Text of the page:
Imagine some obscure bar. Imagine light bulbs going back and forth above tables filled with empty glasses. Imagine men with perfect haircuts begging beautiful women for a long, sensuous dance, and end up with Room Eleven. Or, with as much ease, imagine that final holiday night in which seductive glances have their last shot and a lonely mosquito gets lost in the blazing campfire. The list of atmospheric sketches one can come up with is endless, but as long as they sway back and forth between melancholic, summery, seductive and fiery, they are accurate.
So, imagine Room Eleven, a band that came into existence because of a simple note pinned on a notice board at the Conservatorium in Utrecht. With their 2006 debut album Six White Russians And A Pink Pussycat, they have managed to impress an increasingly bigger audience with a catchy mixture of jazz, pop, funk, blues and a touch of folk. Whether a strict jazz lover or a young pop fan, in the end you will be won over by the their incredible stage presence. Not only music fans have come to appreciate the band, Room Eleven has also managed to convince the press. Their debut album has received much critical acclaim. One magazine poetically described Janne Schra’s voice as ‘a juicy green meadow, just after sunset, covered in fresh dew.’ As one radio DJ put it: ‘She seduces you, moves you and makes you happy, all in one sentence.’
It will be no surprise that the band’s debut album became platinum almost overnight. Room Eleven won an Essent award for young musical talent and continued their success story with amazing performances on the stages of North Sea Jazz, Crossing Border, Oerol and the Canadian Montreal Jazz Festival, followed by an intimate theatre tour with Jazz Impuls, a fully sold-out Dutch club tour and, after the urgent requests of many local MySpace fans, a great number of shows in Japan.
Soon, the band started working on their second album. With the same casualness with which she put that note on the notice board years before, singer Janne Schra sent an e-mail to her hero Dayna Kurtz in New York with a question that was both bold and straightforward: would she be interested in recording a duet? Weeks went by, but in the end the answer Janne had been dreaming about popped up in her mailbox: yes, she would. And if that was not enough, Kurtz also invited the rest of the band to come to New York. Much to everyone’s surprise, Dayna Kurtz offered to help the band record their new album with her regular producer Randy Crafton at the Kaleidoscope Sound Studios. Barely aware of their sudden windfall, Room Eleven immediately began packing their bags.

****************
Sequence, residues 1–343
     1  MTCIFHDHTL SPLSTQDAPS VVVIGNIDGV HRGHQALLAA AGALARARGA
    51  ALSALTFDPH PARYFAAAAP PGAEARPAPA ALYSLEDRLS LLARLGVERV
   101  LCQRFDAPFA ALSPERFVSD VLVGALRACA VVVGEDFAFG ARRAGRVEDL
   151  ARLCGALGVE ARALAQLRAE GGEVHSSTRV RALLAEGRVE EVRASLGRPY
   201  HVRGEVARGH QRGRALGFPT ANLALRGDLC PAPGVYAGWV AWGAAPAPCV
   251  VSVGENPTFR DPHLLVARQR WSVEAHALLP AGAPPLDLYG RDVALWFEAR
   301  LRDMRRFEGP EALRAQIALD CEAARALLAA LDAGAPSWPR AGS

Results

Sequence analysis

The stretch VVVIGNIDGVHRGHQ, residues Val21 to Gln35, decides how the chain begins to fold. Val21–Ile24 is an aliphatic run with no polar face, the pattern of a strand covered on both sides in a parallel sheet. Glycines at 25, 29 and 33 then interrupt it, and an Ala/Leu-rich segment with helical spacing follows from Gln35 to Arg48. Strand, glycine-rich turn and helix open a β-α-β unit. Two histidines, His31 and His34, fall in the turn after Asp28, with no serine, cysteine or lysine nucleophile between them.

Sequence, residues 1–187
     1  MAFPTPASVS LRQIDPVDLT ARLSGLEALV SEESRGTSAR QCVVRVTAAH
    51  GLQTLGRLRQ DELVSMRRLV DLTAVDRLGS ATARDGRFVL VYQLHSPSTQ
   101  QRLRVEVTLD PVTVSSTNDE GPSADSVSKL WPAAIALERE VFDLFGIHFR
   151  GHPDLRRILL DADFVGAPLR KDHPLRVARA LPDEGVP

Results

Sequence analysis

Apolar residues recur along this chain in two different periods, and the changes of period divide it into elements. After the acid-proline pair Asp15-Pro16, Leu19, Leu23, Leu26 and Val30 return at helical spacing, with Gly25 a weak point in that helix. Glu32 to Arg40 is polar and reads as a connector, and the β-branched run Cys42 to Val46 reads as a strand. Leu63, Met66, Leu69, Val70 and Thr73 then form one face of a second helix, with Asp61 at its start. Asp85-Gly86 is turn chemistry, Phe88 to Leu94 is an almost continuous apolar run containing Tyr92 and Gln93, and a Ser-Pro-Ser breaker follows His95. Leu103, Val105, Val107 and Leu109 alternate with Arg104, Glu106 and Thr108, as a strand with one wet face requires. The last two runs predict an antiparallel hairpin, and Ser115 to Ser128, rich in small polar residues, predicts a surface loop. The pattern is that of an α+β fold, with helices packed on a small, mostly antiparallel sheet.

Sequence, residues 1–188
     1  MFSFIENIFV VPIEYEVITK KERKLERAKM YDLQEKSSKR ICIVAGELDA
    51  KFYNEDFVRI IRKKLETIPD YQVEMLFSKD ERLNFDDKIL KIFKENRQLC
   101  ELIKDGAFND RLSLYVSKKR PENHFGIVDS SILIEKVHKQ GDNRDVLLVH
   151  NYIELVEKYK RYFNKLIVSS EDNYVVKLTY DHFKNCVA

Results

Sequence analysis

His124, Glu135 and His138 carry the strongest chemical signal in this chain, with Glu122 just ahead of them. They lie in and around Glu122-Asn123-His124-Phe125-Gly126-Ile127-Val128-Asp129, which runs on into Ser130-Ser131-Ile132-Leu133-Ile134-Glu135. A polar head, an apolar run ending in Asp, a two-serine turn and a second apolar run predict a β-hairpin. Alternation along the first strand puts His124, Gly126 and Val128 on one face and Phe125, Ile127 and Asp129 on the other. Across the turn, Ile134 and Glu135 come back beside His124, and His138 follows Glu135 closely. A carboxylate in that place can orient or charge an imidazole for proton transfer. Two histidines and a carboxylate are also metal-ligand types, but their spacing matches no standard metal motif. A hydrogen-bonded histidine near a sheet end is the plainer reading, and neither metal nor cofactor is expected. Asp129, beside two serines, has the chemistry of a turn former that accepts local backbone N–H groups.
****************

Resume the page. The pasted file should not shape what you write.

In those few weeks in New York, the band wrote and recorded an album that picks up where the first one left off. It’s more profound, more in the direction of the band’s original sources of inspiration, with a dash of folk and a pinch of gipsy, but maintaining their pure and natural sound. The band truly loathes overproduction; they’d rather go for raw simplicity instead.
Hence the title: whereas the first album Six White Russians And A Pink Pussycat referred to a mysterious, sophisticated cocktail, the name of the new album Mmm…Gumbo? refers to a hearty, traditional stew from the home of jazz, Louisiana. The particular mixture of ingredients reflects the band’s versatility and underlines Room Eleven’s refusal to be narrow-minded. They look at the world around them and take what they can use, whether it’s an instrument, a musical genre or a random observation. Even the loneliest detail can be transformed into a lyric.
The turbulent period after their debut has left its mark on the new album as well. Mmm…Gumbo? is about change and taking steps forward in life. But it’s difficult for the band to fully grasp their success, admits Janne in an interview: ‘I recently read an article about us in the paper. It said that Room Eleven released a cd, performed at North Sea Jazz, played sold-out club shows, received golden and platinum albums and is now travelling to the US to record an album. I thought: how incredibly nice for those people. It’s hard to realize that they are talking about us.’
Janne Schra – vocals
Arriën Molema – guitar
Tony Roe – keyboards
Lucas Dols – bass
Maarten Molema – drums
Tekst: Oscar Kocken